South County High School students Jacqueline Oliva, Nick Needham and Cameron Powell of Delirium Productions, who already have four films and one student commercial under their belt, entered “Stronghold,” a short zombie film.

“I think that this area of Virginia, actually, has more opportunities and support for this particular art than most, and I believe the positive attitude of the community towards student filmmakers definitely makes the process smoother,” said Oliva, the film’s director.

Delirium has entered the Clifton Film Fest Student Category three years in a row; the team won the People’s Choice award in 2011 and Best Editing in 2012.

Robinson Secondary School students Tom Dills of Alexandria, Sean Cooper of Springfield, Emma James of Burke, Chris D’Anna of Springfield, Ben Achtermann of Clifton, and Areej Mohamed, submitted the psychological drama, “Sessions.”

Cooper, the editor, grew in filmmaking through involvement in the Cappies program and won the Best Marketing and Publicity Award in 2013.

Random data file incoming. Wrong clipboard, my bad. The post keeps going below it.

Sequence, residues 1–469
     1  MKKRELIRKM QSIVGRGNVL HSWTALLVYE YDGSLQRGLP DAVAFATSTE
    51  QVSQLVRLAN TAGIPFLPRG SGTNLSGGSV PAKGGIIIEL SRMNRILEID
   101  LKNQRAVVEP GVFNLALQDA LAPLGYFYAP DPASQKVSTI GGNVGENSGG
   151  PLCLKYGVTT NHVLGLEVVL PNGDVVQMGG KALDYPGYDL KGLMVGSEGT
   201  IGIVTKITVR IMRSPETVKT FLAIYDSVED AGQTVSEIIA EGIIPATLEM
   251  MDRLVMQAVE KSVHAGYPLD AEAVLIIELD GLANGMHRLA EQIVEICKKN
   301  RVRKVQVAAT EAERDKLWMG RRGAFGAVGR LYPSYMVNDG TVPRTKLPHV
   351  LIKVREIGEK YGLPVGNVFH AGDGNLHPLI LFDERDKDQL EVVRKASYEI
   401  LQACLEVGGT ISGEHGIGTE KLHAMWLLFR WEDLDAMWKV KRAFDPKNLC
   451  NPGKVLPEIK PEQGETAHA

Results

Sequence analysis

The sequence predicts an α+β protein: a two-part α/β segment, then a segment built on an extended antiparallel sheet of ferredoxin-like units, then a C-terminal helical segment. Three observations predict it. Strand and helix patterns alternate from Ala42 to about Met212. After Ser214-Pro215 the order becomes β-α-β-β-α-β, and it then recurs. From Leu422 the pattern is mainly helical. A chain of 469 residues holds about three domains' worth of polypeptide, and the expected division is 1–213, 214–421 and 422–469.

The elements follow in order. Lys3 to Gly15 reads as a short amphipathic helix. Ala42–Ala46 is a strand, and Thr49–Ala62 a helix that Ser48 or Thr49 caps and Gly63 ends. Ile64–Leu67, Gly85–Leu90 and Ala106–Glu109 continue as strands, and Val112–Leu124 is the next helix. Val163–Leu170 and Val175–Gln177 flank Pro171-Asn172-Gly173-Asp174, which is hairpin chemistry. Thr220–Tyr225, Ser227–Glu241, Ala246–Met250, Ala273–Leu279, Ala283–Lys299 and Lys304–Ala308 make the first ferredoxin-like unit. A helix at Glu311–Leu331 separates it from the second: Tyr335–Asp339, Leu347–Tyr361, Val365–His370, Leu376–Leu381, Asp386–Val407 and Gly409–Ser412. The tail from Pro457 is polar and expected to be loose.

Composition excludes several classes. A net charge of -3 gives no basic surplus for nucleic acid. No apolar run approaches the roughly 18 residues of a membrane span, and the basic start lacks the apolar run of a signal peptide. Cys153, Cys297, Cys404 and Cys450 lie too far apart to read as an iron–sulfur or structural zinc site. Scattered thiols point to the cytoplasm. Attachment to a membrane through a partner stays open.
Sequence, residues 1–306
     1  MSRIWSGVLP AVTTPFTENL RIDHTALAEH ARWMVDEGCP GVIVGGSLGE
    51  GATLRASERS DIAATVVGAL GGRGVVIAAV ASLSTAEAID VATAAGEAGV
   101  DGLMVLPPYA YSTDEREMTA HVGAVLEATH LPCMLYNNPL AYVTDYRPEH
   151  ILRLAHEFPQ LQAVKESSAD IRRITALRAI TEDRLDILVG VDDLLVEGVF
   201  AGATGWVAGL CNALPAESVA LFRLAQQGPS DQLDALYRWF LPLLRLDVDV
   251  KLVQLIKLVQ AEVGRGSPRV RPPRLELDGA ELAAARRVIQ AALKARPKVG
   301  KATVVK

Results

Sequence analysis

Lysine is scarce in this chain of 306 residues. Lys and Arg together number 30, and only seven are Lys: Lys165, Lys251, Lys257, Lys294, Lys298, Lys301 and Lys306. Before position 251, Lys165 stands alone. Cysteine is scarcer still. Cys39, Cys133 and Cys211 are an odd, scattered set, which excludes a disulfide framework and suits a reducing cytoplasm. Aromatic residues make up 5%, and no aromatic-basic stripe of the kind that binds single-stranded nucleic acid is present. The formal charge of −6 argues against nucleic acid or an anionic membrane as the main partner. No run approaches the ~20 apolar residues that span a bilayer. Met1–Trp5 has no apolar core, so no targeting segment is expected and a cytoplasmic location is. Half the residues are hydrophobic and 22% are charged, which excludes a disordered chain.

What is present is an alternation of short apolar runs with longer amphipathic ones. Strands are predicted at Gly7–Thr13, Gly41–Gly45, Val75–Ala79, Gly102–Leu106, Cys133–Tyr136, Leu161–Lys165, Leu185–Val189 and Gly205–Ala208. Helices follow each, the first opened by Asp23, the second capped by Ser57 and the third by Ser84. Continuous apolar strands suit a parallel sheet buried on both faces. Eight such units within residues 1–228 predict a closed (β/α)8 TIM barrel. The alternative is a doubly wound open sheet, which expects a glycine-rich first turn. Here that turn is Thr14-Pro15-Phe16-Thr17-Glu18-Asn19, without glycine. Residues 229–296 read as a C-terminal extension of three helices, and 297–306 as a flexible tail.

Kiyoka Rhodes, a Lorton resident of 11 years and alumnus of Word of Life Christian Academy in Springfield, showed her drama short, “Serenity.” The American University grad, now working as an NBC4 advertising and promotions department intern, found out about the fest while researching her art outlet options in the D.C./Md./Va region.

Like Gross, Rhodes is pursuing film as vocation and passion. “I am in the process of establishing a multimedia communications company for not only film (narrative, documentary, wedding videography), but also photography and design.” Rhodes also worked as a production assistant in the anti-bullying film directed by filmmaker Donald Leow of Clifton, “The Senior Prank,” shot locally last year in Clifton, Springfield, Lorton and Manassas locations.

With other area film festivals set in Washington, D.C., the Clifton Film Fest provides a refreshingly un-political setting, says Gross. “As for how D.C. has affected mine and HMD Films filmmaking, this is a bit of a chip on my shoulder.